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Irish controlled airspace acts as a gateway between Europe and North America, with the IAA’s Area Control Centre in Shannon handling over 90% of all air traffic on the North Atlantic. This equates to approximately 1,400 - 1,500 aircraft every 24 hours during the busy summer months.
These aircraft are charged for the air traffic control and HF communications services they receive as they transit Irish airspace. This income amounts to approximately 75% of the IAA's total revenue.
In 2017, Shannon Air Traffic Control safely handled over 343,000 flights.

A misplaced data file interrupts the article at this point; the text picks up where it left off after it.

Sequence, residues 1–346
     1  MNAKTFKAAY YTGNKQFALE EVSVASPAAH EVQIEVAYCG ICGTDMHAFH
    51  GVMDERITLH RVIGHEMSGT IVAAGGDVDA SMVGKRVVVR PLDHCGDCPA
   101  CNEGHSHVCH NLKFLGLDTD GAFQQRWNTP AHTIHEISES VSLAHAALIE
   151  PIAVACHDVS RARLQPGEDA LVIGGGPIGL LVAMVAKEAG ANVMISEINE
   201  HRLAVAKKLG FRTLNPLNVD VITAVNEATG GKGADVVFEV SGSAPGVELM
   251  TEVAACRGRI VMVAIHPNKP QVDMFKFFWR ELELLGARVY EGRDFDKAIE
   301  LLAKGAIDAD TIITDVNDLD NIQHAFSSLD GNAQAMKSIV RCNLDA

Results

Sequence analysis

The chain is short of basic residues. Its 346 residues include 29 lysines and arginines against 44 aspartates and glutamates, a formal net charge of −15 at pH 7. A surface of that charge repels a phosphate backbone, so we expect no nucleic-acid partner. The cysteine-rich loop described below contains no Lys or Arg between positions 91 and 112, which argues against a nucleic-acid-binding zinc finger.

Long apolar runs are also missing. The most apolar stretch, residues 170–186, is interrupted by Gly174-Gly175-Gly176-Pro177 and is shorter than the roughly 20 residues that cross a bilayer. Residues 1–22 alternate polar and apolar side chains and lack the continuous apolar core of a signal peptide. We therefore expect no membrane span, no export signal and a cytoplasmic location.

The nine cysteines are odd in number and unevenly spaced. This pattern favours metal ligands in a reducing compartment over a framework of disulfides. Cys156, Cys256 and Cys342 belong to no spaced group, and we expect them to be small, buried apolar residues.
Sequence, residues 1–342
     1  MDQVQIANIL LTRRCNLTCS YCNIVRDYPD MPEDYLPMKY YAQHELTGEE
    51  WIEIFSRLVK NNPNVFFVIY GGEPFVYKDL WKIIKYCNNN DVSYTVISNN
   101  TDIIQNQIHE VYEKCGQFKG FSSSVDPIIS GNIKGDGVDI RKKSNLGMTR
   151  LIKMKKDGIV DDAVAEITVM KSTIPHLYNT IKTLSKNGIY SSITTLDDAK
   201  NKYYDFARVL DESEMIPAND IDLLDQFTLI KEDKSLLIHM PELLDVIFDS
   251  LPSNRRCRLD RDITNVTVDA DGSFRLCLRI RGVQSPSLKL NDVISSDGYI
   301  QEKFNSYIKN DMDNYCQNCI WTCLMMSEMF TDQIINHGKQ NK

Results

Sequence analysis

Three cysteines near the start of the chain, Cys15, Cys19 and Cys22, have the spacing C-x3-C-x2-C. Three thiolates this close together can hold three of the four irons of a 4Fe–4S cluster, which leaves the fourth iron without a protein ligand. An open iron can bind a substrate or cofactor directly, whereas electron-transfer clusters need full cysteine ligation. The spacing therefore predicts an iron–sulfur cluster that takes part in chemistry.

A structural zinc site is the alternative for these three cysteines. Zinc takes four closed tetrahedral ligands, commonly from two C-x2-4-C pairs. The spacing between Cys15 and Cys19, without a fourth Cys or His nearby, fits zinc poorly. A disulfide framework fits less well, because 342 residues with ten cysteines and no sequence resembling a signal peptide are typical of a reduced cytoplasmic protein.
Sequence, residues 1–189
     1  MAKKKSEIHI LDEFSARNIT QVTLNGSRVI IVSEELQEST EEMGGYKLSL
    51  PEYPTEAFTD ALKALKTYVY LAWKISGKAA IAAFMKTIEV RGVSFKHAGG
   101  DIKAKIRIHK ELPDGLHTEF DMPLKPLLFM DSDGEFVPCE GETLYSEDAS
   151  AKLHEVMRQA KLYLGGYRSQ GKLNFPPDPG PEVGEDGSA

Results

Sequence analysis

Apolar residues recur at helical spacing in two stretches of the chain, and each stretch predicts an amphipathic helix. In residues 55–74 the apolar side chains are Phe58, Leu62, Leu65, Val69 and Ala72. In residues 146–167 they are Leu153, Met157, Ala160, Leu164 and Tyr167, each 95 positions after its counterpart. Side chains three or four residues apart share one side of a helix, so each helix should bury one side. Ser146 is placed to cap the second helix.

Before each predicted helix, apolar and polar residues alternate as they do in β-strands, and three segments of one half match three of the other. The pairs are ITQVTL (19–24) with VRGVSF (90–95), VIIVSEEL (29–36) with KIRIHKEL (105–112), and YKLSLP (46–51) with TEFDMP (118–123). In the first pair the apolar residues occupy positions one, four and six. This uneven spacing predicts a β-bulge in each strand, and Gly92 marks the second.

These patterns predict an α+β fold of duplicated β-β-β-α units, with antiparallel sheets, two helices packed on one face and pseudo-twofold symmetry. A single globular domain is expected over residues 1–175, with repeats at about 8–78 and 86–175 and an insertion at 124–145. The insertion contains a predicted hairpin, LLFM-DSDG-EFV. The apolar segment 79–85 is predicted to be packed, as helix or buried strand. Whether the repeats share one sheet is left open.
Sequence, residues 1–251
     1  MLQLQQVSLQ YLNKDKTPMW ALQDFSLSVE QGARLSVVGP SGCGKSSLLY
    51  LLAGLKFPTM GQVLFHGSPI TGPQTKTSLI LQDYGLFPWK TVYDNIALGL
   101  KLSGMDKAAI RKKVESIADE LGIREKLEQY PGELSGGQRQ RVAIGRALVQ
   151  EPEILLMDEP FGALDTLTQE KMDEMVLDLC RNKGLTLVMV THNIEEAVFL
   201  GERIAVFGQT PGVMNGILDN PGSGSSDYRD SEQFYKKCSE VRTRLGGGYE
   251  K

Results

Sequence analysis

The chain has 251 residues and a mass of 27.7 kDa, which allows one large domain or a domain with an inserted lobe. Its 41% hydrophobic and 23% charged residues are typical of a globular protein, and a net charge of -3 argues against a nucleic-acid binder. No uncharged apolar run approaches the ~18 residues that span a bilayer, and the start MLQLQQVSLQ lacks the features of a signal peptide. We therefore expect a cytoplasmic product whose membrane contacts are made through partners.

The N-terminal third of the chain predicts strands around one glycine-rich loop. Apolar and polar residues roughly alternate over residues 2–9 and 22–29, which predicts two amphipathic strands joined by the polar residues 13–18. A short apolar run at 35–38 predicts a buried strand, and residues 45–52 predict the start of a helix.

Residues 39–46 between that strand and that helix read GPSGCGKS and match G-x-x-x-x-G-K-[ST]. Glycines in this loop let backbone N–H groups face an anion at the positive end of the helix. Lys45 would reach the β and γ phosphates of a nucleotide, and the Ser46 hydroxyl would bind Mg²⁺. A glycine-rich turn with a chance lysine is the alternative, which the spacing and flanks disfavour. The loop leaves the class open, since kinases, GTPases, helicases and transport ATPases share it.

The IAA was the second European air navigation service provider to remove all route structures from its upper airspace. The effect of this is that airline operators can file flight plans in a more cost effective manner, resulting in reduced fuel upload and burn and reduced CO2 emissions.
At its widest it takes 40 minutes to transit Irish-controlled airspace and 20 minutes at its narrowest.
This airspace controlled by the Shannon Centre is unique in that it acts as an interface between North Atlantic (non-radar environment) and domestic European air traffic (radar environment). These two traffic streams must be managed and integrated on a daily basis. North Atlantic eastbound traffic affects core European traffic on a daily basis.
Over Europe aircraft fly along pre-determined routes that are effectively motorways in the sky. The North Atlantic system however is very different. While aircraft fly on prescribed tracks, the position of these tracks change on a daily basis, mainly due to the weather.